Mom’s running gag

It’s Mother’s Day, and the third anniversary of the day my mom died. How like her to make her final exit at this time of year, ensuring we’d never thoughtlessly skip observing the day, or enjoy it too much without feeling some pangs of loss for her. When I was growing up she joked often about her plans to be “a burden” on her children in her old age. The timing of her death is a kind of extension of that running joke.

Three years ago, when my mom died, I wrote “I will miss her” — not much of a stretch, and of course it’s been true. I had grown accustomed to long phone conversations with her once or twice a week, as I commuted to and from my distant job (at Danger, where an important perk was free cell phone calls, which made the long commute more tolerable).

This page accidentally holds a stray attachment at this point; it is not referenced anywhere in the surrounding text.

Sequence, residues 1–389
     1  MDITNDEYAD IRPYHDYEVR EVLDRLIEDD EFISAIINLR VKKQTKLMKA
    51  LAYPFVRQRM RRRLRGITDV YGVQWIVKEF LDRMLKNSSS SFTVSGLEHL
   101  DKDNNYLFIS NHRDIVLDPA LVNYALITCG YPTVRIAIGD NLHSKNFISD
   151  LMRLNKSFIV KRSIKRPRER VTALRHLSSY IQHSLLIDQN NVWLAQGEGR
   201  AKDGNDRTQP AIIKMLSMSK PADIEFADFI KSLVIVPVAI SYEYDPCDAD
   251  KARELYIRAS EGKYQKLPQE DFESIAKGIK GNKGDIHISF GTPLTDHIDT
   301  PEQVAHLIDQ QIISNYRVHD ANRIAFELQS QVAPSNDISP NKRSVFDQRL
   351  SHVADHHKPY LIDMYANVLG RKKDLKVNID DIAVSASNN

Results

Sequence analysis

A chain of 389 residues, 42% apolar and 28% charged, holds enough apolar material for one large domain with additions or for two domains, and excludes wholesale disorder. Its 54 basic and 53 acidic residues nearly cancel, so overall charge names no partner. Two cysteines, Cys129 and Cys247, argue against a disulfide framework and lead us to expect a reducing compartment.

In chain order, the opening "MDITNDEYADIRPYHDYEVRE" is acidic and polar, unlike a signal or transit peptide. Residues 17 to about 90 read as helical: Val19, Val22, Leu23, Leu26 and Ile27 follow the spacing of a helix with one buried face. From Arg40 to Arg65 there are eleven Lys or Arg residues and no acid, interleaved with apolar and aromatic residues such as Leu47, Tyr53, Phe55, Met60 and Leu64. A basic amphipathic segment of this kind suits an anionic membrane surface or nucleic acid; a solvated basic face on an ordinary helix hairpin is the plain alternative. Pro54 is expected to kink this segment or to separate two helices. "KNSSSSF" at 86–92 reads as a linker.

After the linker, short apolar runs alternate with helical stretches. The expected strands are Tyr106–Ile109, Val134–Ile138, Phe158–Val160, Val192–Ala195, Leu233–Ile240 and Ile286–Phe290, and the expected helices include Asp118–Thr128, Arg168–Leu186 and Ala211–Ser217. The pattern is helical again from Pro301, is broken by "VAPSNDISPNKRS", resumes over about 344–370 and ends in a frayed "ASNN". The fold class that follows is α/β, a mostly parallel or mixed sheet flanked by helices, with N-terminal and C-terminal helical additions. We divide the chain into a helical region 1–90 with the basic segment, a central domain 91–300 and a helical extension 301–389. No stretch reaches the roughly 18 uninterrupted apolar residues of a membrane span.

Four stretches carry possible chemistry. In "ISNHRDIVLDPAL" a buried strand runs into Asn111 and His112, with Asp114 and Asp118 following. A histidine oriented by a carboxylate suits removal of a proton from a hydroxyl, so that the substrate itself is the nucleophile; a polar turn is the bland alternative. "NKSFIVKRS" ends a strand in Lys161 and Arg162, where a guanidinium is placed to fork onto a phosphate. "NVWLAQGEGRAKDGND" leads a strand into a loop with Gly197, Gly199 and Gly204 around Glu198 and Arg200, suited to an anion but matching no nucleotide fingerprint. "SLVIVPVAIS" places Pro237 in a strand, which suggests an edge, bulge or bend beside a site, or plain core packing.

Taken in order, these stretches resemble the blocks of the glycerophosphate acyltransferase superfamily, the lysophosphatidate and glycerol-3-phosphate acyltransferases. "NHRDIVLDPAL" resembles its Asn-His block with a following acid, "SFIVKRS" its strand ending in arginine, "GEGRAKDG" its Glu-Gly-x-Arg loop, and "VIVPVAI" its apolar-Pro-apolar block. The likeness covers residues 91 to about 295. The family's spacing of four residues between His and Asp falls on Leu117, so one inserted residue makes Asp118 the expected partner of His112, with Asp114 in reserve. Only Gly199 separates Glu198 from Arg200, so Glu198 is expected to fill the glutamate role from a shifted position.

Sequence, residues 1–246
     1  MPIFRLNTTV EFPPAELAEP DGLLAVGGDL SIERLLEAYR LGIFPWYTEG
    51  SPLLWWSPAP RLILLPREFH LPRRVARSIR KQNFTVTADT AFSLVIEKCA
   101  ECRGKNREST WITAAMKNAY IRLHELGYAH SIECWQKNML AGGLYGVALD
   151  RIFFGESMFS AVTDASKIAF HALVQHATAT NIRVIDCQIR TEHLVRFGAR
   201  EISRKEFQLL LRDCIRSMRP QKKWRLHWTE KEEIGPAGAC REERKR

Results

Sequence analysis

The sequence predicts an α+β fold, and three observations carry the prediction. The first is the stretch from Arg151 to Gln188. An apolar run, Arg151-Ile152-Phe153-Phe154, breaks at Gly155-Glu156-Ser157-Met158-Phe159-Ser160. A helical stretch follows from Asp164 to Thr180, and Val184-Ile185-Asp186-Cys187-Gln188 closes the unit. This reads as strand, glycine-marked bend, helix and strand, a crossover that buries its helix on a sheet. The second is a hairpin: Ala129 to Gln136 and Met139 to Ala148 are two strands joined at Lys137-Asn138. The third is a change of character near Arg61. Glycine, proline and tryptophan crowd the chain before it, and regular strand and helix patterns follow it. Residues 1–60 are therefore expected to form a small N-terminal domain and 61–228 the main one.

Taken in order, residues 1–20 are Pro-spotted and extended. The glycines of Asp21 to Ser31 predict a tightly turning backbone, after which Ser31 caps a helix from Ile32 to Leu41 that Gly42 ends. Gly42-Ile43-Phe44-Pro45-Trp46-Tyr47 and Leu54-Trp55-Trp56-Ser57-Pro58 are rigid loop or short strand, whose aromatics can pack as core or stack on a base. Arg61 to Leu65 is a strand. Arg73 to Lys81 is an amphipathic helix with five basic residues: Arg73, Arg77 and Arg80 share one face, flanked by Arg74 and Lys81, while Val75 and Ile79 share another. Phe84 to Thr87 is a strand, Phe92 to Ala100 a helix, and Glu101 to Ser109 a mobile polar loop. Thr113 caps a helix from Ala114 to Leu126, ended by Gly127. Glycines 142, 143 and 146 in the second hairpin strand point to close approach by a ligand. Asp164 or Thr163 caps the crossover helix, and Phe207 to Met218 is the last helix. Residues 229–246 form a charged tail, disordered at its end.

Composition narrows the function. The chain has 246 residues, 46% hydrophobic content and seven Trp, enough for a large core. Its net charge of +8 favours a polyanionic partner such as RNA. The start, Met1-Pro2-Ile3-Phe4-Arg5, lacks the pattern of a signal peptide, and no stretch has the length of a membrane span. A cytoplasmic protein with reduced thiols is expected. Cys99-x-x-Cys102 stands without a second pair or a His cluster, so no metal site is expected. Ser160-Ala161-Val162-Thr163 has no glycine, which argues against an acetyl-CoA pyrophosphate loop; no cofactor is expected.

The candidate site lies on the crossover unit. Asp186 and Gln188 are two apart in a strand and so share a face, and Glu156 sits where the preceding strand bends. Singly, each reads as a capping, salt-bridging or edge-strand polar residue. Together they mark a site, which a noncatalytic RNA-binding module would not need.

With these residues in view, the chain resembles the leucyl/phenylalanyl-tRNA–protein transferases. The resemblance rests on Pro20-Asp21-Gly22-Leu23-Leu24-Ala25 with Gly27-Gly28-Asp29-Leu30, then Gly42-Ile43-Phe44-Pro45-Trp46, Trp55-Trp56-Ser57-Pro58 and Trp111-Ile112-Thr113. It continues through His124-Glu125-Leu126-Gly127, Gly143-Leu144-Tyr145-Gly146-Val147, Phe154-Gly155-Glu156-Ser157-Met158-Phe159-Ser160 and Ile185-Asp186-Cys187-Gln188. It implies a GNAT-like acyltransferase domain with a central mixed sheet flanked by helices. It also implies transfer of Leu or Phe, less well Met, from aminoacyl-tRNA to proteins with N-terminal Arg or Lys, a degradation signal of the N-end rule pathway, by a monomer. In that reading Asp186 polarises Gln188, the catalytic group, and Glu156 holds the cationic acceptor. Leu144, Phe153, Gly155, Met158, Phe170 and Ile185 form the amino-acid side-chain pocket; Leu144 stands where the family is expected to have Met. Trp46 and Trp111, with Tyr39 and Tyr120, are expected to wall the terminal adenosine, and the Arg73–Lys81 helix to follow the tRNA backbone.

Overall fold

In April, a few weeks before she died, I wrote my epic seven-part blog series “A boy and his dog,” which I was eager to share with my mom. She was a big fan of my writing and I was a big fan of her praise, which she had a lot of for my still-new blog. Little did I know that she had begun her final decline. She’d been in and out of hospitals and a nursing home for several weeks, but we still thought it was temporary and she’d be returning home before long. Meanwhile I offered to read my story to her over the phone, and was annoyed when she kept putting me off. I didn’t realize that her ability to focus on a story, or even remain on the phone for more than a couple of minutes, was at an end.

My long drive-time conversations were over, and soon the fun started to drain out of going to work at Danger. The most avid member of my writing audience was gone and soon I wasn’t writing quite as much. In spite of her joking, the only way in which my Mom ever was a burden was by being absent.

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